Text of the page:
You pull up to the Twin Oaks strip mall at 9:33 AM. Late again. Ken's Hobby Shop, your place of work, was supposed to open 3 minutes ago.
The usual crew of geriatric train enthusiasts hold court on the sidewalk out front, eager to get inside and continue their important discourse amidst the air-conditioned dioramas.
From the driver's seat, you see the old-timers pause their meeting. One of them raises his hand to point at you, muttering "she's here" through saliva caked lips.
Founded 35 years ago at the height of the model train craze, and long past its prime, Ken's was the only place in town, aside from Ryan's Steakhouse, that catered almost exclusively to those in their golden years.
You take a deep breath, mentally preparing yourself for the walk of shame, before stepping out into the parking lot and approaching the front door of the hobby shop.
"Hey guys, sorry I'm late again," you say, lying.
"Ken will be hearing about this, we've got places to be you know?"
You resist the urge to ask where else an 80 year old train enthusiast might be at 9:30AM in this hick town so that you can send him there.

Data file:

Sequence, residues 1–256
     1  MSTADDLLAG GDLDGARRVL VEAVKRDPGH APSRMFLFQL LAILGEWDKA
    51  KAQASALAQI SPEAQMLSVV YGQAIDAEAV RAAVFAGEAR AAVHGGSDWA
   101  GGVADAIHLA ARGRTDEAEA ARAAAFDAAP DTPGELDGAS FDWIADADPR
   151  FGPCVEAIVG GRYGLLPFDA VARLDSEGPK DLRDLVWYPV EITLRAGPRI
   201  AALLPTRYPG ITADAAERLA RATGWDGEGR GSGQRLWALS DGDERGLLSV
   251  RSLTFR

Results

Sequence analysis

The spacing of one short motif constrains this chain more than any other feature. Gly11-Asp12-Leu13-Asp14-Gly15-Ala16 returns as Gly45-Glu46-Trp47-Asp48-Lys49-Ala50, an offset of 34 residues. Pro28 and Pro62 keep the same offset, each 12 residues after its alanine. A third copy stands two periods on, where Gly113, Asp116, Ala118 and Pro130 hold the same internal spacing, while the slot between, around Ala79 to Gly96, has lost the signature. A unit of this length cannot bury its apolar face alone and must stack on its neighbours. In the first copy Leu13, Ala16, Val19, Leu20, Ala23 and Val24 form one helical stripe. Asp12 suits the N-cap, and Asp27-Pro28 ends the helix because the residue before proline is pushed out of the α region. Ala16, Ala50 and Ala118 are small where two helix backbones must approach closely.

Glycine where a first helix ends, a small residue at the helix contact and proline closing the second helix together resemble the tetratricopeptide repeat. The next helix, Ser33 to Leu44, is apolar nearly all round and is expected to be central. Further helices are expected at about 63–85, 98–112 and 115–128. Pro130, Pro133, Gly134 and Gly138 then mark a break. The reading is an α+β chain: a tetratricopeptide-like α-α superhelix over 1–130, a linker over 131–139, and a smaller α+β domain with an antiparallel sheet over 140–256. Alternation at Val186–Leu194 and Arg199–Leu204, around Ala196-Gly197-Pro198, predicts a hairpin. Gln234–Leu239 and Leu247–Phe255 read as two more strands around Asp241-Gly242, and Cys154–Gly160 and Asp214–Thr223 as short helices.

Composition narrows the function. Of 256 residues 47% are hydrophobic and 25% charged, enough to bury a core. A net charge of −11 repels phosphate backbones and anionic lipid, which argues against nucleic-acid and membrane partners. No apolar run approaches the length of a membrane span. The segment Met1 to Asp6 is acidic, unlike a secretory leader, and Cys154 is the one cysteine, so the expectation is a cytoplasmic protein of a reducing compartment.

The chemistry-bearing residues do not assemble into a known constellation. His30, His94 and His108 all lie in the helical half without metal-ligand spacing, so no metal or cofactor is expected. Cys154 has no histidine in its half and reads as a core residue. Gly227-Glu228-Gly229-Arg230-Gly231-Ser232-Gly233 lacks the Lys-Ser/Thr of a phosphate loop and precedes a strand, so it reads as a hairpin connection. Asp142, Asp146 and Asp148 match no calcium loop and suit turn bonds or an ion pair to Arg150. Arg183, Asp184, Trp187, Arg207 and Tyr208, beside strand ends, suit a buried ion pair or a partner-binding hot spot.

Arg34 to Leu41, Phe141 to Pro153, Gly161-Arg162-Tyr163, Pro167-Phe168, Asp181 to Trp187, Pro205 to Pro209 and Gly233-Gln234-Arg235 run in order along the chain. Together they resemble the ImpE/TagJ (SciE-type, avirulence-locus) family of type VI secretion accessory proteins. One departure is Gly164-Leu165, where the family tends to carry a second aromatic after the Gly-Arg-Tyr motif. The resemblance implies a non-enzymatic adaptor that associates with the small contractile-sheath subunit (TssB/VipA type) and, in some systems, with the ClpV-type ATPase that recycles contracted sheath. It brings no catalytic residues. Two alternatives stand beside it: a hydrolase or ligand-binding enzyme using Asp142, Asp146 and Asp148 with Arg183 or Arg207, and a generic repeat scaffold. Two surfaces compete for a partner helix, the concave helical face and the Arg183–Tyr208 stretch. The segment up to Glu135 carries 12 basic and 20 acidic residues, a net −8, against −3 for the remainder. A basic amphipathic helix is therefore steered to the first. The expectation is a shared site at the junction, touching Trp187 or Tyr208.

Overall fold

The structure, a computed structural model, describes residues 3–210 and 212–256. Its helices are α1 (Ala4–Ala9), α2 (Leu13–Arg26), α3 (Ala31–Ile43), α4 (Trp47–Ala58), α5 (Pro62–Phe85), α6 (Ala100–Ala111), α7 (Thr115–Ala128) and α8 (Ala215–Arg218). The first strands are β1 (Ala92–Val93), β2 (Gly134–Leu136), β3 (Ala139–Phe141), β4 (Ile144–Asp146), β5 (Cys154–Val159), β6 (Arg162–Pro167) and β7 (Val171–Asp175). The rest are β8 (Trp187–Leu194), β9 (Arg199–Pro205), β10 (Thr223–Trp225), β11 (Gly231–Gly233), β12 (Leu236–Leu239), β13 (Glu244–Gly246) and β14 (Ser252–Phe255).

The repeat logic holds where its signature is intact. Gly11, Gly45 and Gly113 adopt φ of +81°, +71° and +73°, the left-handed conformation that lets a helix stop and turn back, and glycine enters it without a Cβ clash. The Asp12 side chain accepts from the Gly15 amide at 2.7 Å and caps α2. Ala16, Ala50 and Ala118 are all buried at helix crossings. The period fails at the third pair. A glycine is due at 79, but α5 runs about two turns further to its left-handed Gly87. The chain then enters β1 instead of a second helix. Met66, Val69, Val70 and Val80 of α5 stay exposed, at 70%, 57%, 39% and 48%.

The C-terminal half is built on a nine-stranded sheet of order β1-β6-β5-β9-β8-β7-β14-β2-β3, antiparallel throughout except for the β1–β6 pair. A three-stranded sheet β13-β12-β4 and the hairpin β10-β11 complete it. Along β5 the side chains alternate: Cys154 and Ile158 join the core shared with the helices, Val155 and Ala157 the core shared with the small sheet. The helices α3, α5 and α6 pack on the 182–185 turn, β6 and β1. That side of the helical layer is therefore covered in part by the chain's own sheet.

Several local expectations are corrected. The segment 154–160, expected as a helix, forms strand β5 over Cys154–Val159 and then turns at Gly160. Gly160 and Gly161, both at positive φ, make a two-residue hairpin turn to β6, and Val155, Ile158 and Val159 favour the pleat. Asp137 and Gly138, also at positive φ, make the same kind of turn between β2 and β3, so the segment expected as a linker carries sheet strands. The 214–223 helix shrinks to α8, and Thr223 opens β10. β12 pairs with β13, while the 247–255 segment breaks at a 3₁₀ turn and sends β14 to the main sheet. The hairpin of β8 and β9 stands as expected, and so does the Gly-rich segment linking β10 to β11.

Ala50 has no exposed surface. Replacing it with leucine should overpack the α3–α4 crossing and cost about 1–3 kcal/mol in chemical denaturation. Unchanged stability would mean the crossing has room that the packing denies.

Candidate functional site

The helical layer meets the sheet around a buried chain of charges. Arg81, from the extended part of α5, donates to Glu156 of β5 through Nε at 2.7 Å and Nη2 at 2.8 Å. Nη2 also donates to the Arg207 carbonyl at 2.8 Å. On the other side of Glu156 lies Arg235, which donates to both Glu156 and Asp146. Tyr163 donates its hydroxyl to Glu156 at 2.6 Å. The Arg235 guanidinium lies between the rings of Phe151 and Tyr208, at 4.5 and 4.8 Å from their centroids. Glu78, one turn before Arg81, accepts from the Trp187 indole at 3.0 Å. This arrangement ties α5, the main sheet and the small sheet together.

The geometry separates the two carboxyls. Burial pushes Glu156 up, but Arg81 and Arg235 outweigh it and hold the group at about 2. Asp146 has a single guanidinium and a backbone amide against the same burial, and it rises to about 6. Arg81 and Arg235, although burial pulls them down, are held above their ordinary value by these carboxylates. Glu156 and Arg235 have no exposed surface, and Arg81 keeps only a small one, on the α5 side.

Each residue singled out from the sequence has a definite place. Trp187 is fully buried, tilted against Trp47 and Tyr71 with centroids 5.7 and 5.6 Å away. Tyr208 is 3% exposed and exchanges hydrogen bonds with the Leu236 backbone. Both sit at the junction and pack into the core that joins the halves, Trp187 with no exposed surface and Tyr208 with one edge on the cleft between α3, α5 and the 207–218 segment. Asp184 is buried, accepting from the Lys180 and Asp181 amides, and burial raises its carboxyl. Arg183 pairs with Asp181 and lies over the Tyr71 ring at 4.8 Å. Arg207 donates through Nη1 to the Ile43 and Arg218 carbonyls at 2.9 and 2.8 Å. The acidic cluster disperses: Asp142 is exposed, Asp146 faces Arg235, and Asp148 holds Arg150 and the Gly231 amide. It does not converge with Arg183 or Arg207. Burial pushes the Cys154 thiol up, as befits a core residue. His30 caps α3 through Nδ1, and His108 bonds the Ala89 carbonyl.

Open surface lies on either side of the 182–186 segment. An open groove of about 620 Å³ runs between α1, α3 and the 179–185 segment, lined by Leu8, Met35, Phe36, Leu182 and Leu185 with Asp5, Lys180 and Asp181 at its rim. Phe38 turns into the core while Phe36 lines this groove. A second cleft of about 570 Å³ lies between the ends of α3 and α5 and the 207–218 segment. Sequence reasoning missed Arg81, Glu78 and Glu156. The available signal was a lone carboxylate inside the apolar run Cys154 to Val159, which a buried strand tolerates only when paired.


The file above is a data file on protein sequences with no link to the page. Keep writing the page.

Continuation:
"Like I said, I apologize. I'll be with you guys in a bit, just give me a few minutes to open up."
"Don't mind that old coot," said another, "he's just cranky because his flakes were too frosted this morning."
"They were, dammit! They're not like they used to be!"
You swing open the glass door.
The door chimes as you enter the shop.
You head for the back, the very back, to turn the lights on and get some cash for the register.
Flicking the light switch, the bright yellow walls and torn linoleum floor of the back room are bathed in a flourescent glow. Piles of discarded model train scenery adorn every flat surface, and in the far corner sits a small safe.
You approach the safe, and crouch down to dial in the code:
R20 - L18 - R1 - L9 - R13
Inside the safe are several small stacks of cash: ones, fives, and twenties (no larger,) from which you grab a handful of each, jotting down your withdrawal on a log taped to the inside of the thick steel door.
You were one of the few people with the privilege of being allowed to open the shop and deal with the money. Your wages did not reflect this, but Ken was a family friend, and your mom insisted you stick it out until college starts.
Cash in hand, you return to the front of the store and place the money in the till.
The only thing left to do was pull the cord on the decrepit neon "open" sign, signalling the train-obssessed retirees to haul their decaying bodies through the gateway.